It is not always necessary to leave your home city to experience or at least get a taste for a foreign culture. I am naturally spoiled for opportunities in London but even something as simple as going for a cooking class, which you can do in most cities, can make you feel like you are leaving your daily routine and exposing yourself to new ideas, new flavours.
A dear friend of mine knows very well my love for food and Italy and gave me as a birthday gift “A night in Napoli”. No, it didn’t require cruelsome queues in airports, carrying suitcases or getting through Italian bureaucracy. It only required me to walk over to Marylebone where La Cucina Caldesi, Italian cooking school, exists. Tucked away in the mews round the back from the main restaurant emerges a wonderful Italian farmhouse where the Caldesi Family has been teaching Londoners the tricks of Italian cookings since 2005.
My worries of showing up to the class on my own vanished with the warm welcome from the cookery school’s staff and fellow students. Cooking classes do seem to be something that you do as a couple. A wife wanting her husband to take part in the kitchen duties, a shared passion for Italian food, an evening out which is different from just sitting down to a readily made table? My fellow students motivations may have been diverse but I was ready to learn how to cook!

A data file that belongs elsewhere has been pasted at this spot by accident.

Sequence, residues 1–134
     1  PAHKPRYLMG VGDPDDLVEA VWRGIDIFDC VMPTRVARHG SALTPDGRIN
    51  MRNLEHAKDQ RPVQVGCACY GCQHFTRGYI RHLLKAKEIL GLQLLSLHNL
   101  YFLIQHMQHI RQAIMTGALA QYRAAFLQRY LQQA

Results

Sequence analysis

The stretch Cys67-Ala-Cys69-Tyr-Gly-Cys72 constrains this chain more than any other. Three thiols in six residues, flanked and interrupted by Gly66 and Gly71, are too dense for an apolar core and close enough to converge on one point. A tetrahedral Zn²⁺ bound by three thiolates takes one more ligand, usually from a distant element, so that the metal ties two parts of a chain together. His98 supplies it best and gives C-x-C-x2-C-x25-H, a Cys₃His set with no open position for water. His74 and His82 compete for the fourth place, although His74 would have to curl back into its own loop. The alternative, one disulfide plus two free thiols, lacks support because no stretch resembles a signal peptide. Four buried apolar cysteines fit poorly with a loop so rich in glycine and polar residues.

Cooking with Stefano Borella, one of the Caldesi’s chefs, made cooking feel like the easiest thing in the world. As a contrast to my tiny, crammed kitchen at home, at Caldesi space was in abundance with all tools and ingredients laid out for us along wooden tables. For three hours we chopped, rolled, peeled, cooked and baked and managed incredibly a lot in a short space of time. Starters included mozzarella and tomato pizzas, bruschetta, deep friend mozzarella toasties and octopus salad. Main course was potato gnocchi with Neapolitan ragu with beef or classic tomato sauce and Neapolitan tart to finish off the feast. The best part – I can do these all home as well!
As cooking classes often cater for most types of cooks, from novices to slightly more experienced ones, you should not expect one evening to turn you into a Michelin start chef. The class is great entertainment, hearing stories about a new culture and increasing your repertoir of dishes. There is still an element of the chef taking care of the tricky stuff, such as knowing when the octopus is cooked or how much spices to add to the stew. I guess it is also to ensure that we are left with something edible at the end of the evening.
Walking home after the class, I was very pleased about my different Saturday night. Not only I had learned new skills in the kitchen, I had met interesting people and learned new perspectives to Italian lifestyle. I was also carrying souvenirs – a piece of Neapolitan tart for my boyfriend, all handmade by me. My smugness may have slightly diminished after an attempt to cook octopus at home, with somewhat more rubbery results. Oh well, all new capabilities take time to embed.
(c) Nordic Odyssey, all rights reserved